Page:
But it was also a new experience for the 55-year-old artist—used to working within the context of a set band (even on his previous solo stuff), he and his producers decided to be more fluid with this record. In the end, it came out as something akin to the classic albums of the ’70s—an array of different players contributed all sorts of sound and styles, which seamlessly coalesced around Cantrell’s guiding vision.
“It turned out to be a really cool record—it’s not really ‘metal’ by any stretch of the word,” Cantrell said. “To me, it feels like a throwback, rock’n’roll songwriter record. Even though there’s a core group of players, it wasn’t a set band. Gil Sharone played drums on about half of it—then, Joe Barresi (who mixed it) brought in Abe Laboriel Jr. to get a bit of a different feel for some of the other songs. It wasn’t that Gil didn’t have great performances, but in his words, he said, ‘I think this is like a ’70s record, so you should have as many players with different feels on different songs, that’s just the way that is.’ And I think it only benefited [from] having that.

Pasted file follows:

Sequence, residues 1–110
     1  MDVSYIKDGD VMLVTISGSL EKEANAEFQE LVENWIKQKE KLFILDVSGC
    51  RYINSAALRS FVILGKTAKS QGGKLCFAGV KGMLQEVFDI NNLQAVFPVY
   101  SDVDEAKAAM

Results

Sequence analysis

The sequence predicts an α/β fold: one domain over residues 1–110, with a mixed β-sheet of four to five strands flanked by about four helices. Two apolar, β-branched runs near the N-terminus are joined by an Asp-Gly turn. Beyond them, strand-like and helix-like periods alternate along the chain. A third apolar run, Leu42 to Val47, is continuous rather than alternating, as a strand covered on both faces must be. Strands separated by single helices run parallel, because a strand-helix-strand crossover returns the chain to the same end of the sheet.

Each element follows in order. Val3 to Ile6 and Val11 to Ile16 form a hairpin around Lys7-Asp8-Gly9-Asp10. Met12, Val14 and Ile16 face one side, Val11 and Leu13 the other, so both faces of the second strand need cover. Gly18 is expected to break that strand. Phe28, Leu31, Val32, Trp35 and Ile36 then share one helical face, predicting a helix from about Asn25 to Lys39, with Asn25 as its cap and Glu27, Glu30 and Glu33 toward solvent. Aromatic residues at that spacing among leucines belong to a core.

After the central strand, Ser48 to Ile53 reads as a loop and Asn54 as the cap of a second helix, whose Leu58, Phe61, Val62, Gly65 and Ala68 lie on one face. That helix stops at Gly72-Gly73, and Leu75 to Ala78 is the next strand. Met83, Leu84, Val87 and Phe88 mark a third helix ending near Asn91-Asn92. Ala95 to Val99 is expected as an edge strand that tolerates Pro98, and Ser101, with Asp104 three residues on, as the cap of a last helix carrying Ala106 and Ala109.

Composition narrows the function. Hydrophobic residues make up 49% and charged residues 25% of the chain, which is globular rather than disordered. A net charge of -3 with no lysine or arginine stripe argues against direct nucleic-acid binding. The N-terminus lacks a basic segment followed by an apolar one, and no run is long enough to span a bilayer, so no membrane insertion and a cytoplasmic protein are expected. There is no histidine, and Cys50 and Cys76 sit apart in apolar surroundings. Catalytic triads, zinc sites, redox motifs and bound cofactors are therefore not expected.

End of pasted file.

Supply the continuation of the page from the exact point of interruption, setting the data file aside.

“Vincent Jones did most of the keyboards, Michael Rozon did the pedal steel, then Duff McKagan came in and did most of the bass (though I ended up playing bass on a few songs too),” he continued. “There’s even a couple tracks where Duff and I were just passing the bass back and forth—what he called ‘Do a Frankenstein.’ I would play for a bit, but then ‘Oh, that bit you’re playing there is way cool. We gotta keep that!’ That was all so fun.”